I always think I should consider this carefully and deprive myself of something that will help me to reflect more deeply and prepare better for Easter. Failing that, I have decided that this year I'm turning down all junk for the entire 40 days. That means no crisps (potato chips), no cookies or biscuits and no candy. Perhaps the fact that God Will Know if I stray from this self-imposed diet.

Anybody else observing Lent this year? What are you giving up?

Monday, February 04, 2008

No Longer the Champions

There was a quiz night in the village hall again. I'm sad to report that we lost our standing and did not come in first place. I suppose the fact that we were not successful in keeping our title of village smart asses is the reason that this post is delayed. The quiz night was on Burn's Night.

I will say that I lucked up in the raffle though. My numbers kept getting drawn to the point where I had to say that I wouldn't accept another raffle prize and they should draw a different number. Table with the raffle prizes (mostly booze and chocolate!). The Brut Aftershave gift set was the last thing to be selected from the prize table. I wouldn't be surprised if it showed up again on the next raffle prize table. Things like Brut, Old Spice and very very bad wine have a habit of returning to the raffle prize table in the village hall with alarming regularity. My prizes - bottle of wine and some Avon hand soap.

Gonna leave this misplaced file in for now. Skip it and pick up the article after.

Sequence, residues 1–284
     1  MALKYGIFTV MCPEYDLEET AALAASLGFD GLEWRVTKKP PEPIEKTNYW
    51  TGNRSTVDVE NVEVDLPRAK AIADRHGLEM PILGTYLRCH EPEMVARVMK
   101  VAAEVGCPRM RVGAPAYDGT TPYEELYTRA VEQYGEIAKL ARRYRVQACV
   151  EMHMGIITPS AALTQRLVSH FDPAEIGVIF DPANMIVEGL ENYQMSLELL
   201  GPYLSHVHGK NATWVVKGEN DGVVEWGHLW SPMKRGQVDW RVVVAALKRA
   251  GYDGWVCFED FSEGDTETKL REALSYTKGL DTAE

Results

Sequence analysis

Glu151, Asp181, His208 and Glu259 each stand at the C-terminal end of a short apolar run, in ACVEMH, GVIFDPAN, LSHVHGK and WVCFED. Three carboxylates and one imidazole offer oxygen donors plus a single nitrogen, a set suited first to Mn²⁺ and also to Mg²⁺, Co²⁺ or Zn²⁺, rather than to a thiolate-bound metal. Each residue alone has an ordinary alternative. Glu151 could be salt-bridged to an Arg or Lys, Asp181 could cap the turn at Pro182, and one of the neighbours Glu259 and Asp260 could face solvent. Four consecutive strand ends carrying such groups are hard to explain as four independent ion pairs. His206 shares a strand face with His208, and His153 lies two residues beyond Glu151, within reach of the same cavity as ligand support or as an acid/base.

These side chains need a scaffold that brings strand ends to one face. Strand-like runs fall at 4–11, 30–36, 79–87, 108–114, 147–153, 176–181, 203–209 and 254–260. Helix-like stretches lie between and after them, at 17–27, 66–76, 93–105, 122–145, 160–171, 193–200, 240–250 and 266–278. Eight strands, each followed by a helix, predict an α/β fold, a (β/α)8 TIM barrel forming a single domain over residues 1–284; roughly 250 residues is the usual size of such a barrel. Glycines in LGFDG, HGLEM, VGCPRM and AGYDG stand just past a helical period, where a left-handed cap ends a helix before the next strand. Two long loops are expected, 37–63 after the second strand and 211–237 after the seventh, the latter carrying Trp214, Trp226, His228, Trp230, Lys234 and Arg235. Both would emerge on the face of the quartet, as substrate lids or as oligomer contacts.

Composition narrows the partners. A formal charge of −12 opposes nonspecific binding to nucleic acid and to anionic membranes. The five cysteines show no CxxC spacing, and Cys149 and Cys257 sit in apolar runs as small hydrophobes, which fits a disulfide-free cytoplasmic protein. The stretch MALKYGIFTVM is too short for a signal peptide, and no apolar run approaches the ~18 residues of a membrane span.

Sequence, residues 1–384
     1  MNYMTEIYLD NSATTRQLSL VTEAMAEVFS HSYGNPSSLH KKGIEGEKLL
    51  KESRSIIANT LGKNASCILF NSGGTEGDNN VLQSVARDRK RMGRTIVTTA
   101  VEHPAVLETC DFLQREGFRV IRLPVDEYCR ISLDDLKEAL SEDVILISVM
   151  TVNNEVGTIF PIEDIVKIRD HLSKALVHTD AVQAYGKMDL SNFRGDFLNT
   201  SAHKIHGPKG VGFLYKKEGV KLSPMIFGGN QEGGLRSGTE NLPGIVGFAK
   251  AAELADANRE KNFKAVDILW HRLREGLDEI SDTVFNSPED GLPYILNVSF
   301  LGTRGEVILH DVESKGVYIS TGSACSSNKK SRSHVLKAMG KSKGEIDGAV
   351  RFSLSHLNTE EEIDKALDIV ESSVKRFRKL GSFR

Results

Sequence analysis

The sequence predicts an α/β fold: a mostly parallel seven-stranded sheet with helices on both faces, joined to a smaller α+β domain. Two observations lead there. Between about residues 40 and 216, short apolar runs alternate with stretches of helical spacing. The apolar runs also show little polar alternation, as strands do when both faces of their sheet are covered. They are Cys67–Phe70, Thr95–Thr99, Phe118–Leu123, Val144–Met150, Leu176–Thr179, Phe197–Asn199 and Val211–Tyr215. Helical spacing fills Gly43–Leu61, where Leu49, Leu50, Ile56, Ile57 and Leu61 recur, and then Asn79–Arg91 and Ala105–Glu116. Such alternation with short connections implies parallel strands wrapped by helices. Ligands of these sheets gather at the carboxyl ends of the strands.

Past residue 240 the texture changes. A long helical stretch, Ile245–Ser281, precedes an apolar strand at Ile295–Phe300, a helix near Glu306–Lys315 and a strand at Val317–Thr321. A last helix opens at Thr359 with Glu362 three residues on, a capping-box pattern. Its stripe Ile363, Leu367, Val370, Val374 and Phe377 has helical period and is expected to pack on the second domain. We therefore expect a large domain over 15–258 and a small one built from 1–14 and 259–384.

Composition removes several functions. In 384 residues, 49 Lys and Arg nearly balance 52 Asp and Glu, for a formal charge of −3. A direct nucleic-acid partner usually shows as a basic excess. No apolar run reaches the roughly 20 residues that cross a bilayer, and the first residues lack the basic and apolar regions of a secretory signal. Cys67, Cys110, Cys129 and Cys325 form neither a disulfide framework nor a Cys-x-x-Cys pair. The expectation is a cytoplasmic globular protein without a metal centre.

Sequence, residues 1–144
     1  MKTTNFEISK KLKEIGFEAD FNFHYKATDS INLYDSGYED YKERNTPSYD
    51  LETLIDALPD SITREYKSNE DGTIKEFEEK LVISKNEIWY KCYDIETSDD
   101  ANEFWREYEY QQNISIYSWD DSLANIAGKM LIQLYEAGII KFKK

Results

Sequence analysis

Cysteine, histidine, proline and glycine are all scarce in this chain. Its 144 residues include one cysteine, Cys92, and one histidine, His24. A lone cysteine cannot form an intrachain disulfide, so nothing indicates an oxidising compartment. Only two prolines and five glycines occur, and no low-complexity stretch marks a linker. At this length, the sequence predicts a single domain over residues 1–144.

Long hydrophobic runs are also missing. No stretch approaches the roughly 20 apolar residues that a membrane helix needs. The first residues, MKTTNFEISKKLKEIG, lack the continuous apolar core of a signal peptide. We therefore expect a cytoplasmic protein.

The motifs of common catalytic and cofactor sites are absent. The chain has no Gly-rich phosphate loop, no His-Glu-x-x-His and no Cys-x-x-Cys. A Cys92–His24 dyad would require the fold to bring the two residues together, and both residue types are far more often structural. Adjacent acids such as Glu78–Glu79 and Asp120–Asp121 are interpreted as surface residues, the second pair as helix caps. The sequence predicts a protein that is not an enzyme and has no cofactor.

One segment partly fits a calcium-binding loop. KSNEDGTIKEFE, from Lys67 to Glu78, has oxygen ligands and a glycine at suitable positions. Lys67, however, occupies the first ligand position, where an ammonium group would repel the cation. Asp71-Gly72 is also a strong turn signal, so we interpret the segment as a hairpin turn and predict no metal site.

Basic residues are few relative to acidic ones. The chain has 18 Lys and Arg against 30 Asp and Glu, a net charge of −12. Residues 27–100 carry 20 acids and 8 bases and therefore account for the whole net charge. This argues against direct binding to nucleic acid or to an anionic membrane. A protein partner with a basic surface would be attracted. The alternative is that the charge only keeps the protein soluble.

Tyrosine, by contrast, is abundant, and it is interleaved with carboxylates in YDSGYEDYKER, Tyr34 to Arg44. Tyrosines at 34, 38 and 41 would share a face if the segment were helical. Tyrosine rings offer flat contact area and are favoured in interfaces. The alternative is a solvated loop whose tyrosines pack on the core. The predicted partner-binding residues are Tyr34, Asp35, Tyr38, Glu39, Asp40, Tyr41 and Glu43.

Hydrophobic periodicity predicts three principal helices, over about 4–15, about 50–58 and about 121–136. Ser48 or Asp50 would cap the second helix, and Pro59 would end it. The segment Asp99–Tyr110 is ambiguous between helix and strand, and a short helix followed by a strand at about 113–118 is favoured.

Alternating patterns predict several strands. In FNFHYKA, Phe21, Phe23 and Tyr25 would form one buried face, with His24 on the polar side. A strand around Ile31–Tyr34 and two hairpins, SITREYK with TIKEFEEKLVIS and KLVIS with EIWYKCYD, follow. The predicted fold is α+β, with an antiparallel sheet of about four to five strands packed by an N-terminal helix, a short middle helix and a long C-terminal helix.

I thought I'd put in a few photos of the quiz night.

Though we didn't win, we had such a good night out. When there is a function on at our village hall, the hall conveniently becomes a place within walking distance of our house where we can buy a drink. They always pour really good drinks too.Before the quiz started The Man of the Place (checked shirt) was being sociable with people from the village. One can see that the Christmas lights are still up above the bar. To the left and right are the raised platforms on which the village primary school's Christmas shows are staged. The wooden bar above everybody's heads is the curtain rail for the "stage curtain". Our team! Fiona, Henry, Isabella and me (taking the photo)The team in the table behind us - who came in LAST place. The shame of coming in last is something I hope I never have to face.

Rose and Myra. Myra and her husband Chris(not shown) are our nearest neighbours and are very dear people. Myra lead the winning team to victory that night. Incidentally, Myra and Chris are the grandparents of George's best friend Gordon.

Another table that beat us. They were very good and congratulations to them- but these people actually live in the next village over. Is this fair?